• Target group – Each target group identifies a set of backend servers which can be routed based on a rule. Health checks can be defined per target group. The same load balancer can have many target groups

ALB Components

Sample application architecture

In the following example, we show two services with three tasks deployed on two ECS container instances. This shows the ability to route to multiple ports on the same host. Also, there is only one Application Load Balancer that provides path-based routing for both ECS services, simplifying the architecture and reducing costs.

Sample App

Configuring Application Load Balancers

The following steps create and configure an Application Load Balancer using the AWS Management Console. These steps can also be done using the AWS CLI.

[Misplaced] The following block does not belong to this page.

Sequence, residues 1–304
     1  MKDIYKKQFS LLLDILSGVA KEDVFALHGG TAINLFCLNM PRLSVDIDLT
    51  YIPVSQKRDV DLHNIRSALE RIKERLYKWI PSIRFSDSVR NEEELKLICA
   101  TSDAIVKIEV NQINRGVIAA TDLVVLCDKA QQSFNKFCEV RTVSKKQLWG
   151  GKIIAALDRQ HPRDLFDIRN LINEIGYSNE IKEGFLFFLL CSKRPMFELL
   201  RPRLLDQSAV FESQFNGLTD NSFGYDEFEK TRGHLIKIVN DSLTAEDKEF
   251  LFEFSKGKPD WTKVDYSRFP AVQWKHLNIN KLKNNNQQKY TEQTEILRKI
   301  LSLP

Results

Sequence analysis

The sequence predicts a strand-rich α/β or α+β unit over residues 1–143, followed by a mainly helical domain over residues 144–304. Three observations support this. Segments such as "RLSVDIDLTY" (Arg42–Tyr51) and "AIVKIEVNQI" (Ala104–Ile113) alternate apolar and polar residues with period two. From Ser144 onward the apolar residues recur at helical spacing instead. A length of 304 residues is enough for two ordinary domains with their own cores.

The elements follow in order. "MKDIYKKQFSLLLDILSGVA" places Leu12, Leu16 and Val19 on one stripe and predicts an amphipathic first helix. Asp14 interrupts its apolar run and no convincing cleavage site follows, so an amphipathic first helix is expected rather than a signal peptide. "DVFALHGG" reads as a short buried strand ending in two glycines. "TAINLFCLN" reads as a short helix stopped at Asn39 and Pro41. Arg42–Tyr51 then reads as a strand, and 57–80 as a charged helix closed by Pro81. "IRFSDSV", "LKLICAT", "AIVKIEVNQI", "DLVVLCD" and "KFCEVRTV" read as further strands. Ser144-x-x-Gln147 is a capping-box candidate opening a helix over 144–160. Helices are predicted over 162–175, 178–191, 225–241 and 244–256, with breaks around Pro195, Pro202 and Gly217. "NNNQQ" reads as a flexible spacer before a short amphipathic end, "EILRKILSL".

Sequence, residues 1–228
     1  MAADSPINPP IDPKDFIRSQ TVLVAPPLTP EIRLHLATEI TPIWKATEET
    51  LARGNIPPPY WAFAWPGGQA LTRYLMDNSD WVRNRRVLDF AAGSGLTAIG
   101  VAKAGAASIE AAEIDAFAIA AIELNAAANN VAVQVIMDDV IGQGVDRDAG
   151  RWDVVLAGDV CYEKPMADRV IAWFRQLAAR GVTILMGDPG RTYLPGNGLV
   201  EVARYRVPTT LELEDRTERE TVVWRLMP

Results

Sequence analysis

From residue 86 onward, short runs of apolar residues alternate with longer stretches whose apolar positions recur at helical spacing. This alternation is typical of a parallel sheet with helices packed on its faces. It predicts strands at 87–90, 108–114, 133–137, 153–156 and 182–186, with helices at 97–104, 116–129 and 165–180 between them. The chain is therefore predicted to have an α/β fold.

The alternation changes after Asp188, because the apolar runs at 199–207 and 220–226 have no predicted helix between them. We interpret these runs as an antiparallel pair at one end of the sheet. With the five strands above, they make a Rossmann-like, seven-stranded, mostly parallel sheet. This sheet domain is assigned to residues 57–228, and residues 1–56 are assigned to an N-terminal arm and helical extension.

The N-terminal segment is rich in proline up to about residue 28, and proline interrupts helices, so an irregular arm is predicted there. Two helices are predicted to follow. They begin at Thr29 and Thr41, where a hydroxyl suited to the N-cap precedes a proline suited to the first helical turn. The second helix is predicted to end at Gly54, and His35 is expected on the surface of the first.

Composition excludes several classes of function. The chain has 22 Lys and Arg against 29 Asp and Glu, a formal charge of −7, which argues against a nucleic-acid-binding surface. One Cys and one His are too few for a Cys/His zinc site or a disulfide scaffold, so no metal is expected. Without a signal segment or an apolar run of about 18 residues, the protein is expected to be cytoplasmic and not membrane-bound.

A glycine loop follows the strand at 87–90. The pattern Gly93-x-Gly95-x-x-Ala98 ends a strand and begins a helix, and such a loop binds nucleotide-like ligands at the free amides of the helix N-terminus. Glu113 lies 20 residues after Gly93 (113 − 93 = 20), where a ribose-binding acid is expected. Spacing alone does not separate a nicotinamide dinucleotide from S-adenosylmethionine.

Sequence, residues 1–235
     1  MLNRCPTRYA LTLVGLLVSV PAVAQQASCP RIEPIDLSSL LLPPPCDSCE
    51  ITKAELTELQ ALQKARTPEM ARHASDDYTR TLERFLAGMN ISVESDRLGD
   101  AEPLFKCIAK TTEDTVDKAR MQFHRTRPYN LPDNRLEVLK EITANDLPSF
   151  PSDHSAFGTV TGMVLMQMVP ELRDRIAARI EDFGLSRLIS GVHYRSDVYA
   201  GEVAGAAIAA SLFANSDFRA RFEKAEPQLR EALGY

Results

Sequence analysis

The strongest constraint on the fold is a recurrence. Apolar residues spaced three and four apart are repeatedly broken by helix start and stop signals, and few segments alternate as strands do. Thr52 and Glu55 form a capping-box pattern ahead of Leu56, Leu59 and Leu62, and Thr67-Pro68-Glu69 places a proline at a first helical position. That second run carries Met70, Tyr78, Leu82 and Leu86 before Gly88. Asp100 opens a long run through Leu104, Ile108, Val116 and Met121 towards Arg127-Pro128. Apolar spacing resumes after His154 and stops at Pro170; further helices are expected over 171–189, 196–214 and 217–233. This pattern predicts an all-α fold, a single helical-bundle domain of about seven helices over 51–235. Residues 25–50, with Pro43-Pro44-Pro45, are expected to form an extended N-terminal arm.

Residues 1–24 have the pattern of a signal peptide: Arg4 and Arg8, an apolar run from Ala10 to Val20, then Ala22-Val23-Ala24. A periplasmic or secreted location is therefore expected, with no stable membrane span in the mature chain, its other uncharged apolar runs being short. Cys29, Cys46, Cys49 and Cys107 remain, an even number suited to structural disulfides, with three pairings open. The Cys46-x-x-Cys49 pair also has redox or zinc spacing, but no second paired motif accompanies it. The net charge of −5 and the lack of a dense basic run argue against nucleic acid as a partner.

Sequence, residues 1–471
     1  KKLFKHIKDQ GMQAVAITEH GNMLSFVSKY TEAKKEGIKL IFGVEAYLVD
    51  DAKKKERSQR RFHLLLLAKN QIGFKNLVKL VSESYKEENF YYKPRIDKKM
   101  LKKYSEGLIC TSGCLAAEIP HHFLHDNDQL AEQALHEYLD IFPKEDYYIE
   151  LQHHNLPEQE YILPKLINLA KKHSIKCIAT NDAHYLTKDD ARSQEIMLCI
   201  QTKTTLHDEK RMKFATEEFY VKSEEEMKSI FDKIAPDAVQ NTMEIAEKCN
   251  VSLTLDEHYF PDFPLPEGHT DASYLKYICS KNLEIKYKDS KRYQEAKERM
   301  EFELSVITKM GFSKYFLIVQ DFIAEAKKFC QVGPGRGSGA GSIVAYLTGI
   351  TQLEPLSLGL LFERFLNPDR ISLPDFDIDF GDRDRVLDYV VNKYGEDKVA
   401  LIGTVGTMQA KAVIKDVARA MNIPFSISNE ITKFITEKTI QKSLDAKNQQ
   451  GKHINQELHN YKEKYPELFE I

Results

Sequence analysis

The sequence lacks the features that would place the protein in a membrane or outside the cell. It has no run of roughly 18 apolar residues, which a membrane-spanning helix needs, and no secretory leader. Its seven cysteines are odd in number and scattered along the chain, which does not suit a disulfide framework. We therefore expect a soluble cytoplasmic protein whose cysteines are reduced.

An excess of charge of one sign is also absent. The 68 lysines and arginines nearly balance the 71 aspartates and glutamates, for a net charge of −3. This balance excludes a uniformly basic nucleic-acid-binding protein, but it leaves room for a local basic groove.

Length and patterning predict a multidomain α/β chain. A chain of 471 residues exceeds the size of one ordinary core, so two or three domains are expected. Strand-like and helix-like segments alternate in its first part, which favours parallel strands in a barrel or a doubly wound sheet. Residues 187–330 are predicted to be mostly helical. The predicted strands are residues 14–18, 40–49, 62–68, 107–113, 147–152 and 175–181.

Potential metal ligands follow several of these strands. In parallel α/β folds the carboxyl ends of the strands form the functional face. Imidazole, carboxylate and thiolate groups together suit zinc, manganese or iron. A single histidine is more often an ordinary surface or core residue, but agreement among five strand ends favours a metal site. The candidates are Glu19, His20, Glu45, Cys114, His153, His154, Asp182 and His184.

1. Create an Application Load Balancer using the AWS Console
      • Login to the EC2 Console (https://console.aws.amazon.com/ec2)
      • Select Load Balancers
      • Select Create Load Balancer
      • ALB Console

      • Choose Application Load Balancer
    2. Configure Load Balancer
    3. Configure Load Balancer

      • For Name, type a name for your load balancer.
      • For Scheme, an Internet-facing load balancer routes requests from clients over the Internet to targets. An internal load balancer routes requests to targets using private IP addresses.
      • For Listeners, the default is a listener that accepts HTTP traffic on port 80. You can keep the default listener settings, modify the protocol or port of the listener, or choose Add to add another listener.